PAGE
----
In terms of the character count, maybe just focus on the most serious issue. The life-threatening condition, surgery, corticosteroids. The undiagnosed ADHD is less serious and would be the sort of thing that others suffer from. The more serious stuff is more than enough to make the point about your grades those years.
  10. I'm going to present an opposite view as food for thought. I didn't finish my undergrad degree and know a few others who didn't. It worked out fine for everyone that I can think of. Yes, some people probably need the extra year of maturity, but others are fine. It would depend on the person. In terms of needing something to fall back on, universities generally give you a really long time...maybe 7 or 8 or years...to finish your undergrad degree. So if you went to law school and hated it, you could go back and finish your undergrad.
  11. ProfReader

    Improving Grades in 2L

    I always use a rubric. Everyone that I have talked to about it uses a rubric. As Providence notes, there are usually lots of points up for grabs, and even an A exam will still miss a bunch. I'm sure that it has happened before, but I really imagine that many profs refusing to share their rubric. I've never included points for writing style. I generally tell students that it isn't really fair to emphasize writing too much under timed test conditions. My stance is that I will wade through the crap to find the good stuff that I can award points for. I'm sure that not everyone adopts that position, but I think the majority of people do. I can't think of people who specifically award points to writing, but I'm sure that it does happen at times. That being said, I think The Scientist's point that clear writing actually makes it possible to understand the point that you are trying to make is a good one. Above, I referred to wading through crap, but some of that crap might have actually been legitimate points disguised in writing so crappy that I couldn't identify it. So while I wouldn't focus as much on writing as I would on substance, it can only help you. I also agree with Providence's point about point first writing. It might not help you get any more points on the exam, but it will certainly help you to think through your thoughts in a more concise and efficient way. You guys barely need me here! Your advice was as good as anything that I have to offer!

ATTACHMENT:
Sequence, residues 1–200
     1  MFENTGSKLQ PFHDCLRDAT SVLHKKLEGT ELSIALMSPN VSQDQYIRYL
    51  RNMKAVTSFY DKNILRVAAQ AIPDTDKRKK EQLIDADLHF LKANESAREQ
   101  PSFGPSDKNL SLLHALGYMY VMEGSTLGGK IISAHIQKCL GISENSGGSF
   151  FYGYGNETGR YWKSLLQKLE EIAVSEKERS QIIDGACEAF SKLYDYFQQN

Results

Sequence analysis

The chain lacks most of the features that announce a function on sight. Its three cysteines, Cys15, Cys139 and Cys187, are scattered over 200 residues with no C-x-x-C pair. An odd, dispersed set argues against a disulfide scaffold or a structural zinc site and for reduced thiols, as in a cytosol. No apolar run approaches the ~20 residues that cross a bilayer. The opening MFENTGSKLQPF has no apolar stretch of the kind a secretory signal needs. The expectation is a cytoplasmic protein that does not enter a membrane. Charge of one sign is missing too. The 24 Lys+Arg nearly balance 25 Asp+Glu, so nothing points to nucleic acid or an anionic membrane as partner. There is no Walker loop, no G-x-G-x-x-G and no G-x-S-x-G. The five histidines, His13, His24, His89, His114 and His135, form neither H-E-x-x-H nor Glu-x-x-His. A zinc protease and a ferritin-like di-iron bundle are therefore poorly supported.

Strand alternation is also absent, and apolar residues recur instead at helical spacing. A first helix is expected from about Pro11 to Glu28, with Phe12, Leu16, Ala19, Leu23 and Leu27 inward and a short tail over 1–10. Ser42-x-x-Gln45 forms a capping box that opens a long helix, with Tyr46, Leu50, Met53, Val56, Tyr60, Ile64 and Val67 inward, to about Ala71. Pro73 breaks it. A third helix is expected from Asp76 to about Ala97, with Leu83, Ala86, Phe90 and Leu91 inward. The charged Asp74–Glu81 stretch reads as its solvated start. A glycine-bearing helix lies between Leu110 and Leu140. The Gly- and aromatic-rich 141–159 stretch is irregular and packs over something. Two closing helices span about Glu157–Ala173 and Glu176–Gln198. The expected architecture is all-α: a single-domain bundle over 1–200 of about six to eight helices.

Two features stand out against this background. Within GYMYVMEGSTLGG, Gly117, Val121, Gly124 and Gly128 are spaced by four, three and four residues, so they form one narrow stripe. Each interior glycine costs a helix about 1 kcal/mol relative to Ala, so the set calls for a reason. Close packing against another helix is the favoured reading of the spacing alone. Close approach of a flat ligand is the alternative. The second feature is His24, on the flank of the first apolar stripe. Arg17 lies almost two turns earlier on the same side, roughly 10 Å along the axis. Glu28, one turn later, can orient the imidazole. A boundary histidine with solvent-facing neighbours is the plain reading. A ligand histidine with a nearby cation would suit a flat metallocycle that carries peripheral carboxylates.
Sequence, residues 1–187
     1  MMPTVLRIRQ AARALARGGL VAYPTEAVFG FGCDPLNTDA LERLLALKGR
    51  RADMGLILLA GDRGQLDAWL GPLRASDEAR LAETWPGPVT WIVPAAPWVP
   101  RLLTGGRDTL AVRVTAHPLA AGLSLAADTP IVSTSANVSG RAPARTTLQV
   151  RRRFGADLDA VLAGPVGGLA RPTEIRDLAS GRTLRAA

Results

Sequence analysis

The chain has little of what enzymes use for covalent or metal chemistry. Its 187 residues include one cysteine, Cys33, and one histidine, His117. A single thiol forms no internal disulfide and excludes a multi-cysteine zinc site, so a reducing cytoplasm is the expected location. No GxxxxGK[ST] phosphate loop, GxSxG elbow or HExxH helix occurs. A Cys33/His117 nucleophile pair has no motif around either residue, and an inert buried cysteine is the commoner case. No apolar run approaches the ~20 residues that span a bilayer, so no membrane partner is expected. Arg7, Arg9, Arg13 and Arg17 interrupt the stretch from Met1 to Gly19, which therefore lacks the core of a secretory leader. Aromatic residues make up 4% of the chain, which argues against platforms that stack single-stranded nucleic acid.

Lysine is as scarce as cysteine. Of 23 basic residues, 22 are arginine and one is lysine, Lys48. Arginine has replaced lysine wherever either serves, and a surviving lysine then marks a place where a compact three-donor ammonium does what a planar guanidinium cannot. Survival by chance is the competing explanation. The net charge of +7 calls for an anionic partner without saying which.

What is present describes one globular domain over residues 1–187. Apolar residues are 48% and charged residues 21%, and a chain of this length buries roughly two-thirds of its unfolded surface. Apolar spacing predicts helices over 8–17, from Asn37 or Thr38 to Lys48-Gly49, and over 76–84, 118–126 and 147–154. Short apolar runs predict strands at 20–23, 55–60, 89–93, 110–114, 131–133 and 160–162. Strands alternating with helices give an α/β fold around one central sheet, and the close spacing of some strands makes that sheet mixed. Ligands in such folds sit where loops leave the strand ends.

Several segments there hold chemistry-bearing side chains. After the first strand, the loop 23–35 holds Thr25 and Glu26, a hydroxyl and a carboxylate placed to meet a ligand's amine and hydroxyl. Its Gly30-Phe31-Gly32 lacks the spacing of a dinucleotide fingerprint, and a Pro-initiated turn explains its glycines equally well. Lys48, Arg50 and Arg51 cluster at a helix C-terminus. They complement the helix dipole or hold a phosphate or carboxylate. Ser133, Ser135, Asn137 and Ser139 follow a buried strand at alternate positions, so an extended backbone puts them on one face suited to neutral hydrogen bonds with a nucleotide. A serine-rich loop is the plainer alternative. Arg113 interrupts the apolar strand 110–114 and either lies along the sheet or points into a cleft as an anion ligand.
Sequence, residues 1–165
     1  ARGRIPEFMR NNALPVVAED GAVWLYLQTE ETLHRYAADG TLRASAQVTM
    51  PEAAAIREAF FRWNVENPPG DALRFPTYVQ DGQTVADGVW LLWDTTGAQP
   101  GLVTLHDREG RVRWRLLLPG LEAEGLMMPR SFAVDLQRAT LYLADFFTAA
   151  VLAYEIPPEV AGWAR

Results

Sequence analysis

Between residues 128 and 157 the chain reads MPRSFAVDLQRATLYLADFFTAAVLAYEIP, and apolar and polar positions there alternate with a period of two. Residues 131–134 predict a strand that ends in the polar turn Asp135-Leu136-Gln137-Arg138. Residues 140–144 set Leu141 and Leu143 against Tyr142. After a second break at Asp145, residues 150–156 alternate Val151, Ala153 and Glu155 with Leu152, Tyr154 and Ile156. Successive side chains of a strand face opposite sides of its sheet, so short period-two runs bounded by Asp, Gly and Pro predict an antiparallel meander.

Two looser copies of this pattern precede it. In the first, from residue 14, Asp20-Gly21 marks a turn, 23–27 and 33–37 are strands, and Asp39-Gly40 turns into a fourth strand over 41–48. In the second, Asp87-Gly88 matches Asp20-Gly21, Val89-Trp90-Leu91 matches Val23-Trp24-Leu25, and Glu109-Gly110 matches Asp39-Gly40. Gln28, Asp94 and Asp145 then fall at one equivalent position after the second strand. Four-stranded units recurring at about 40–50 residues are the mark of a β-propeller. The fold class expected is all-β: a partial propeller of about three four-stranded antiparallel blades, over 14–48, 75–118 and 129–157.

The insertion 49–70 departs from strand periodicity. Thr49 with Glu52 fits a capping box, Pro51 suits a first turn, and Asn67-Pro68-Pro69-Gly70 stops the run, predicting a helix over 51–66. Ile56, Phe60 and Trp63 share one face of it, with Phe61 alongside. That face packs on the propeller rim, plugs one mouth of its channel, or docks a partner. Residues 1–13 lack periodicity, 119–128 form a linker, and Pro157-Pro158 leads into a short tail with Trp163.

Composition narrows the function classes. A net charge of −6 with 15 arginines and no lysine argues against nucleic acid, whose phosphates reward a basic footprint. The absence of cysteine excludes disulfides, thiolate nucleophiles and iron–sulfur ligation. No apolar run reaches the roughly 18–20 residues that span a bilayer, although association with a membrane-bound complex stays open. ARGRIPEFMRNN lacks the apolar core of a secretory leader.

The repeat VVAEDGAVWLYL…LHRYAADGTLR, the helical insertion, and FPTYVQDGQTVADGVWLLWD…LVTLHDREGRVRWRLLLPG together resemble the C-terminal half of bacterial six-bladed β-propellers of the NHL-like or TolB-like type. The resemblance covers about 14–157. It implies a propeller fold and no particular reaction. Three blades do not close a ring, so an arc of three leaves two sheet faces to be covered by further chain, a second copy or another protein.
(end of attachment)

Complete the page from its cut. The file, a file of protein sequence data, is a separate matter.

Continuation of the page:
12. ProfReader

    Application for Windsor

    I would definitely gravitate towards the actual professor, as long as he or she knows you as well as the instructor. Even more so, given that you've had multiple classes with the professor. When I was on admissions, I gave more weight (to the extent that it even mattered) to letters from an actual professor rather than an instructor. The professor won't really comment on your specific knowledge of religion, but rather things like your writing and analytical skills, your preparation for and participation in class, etc., so the subject doesn't matter much.
  13. I can't really predict what your GPA would be at that other school. My point is just that if you don't apply to a school that is purely stats or if you apply to a school that is mainly stats but looks more in depth at the materials of some applicants below a certain stats cutoff, then some of the committee members may consider this. And admissions committees for other types of graduate programs are probably even more likely to consider where your degree is from.
  14. I keep anonymous on here. But even if your plan is UBC, you will presumably be applying to other schools.
  15. Although law schools don't necessarily care where you went (that being said, when I was on an admissions committee, I definitely noted when students had attended Athabasca just to raise their grades), grad programs may very well care.